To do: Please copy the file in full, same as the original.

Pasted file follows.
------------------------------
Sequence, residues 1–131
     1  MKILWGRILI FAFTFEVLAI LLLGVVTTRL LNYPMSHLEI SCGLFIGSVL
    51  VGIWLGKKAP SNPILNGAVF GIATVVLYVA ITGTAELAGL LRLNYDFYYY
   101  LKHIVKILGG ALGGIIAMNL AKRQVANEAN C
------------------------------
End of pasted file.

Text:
Sequence, residues 1–131
     1  MKILWGRILI FAFTFEVLAI LLLGVVTTRL LNYPMSHLEI SCGLFIGSVL
    51  VGIWLGKKAP SNPILNGAVF GIATVVLYVA ITGTAELAGL LRLNYDFYYY
   101  LKHIVKILGG ALGGIIAMNL AKRQVANEAN C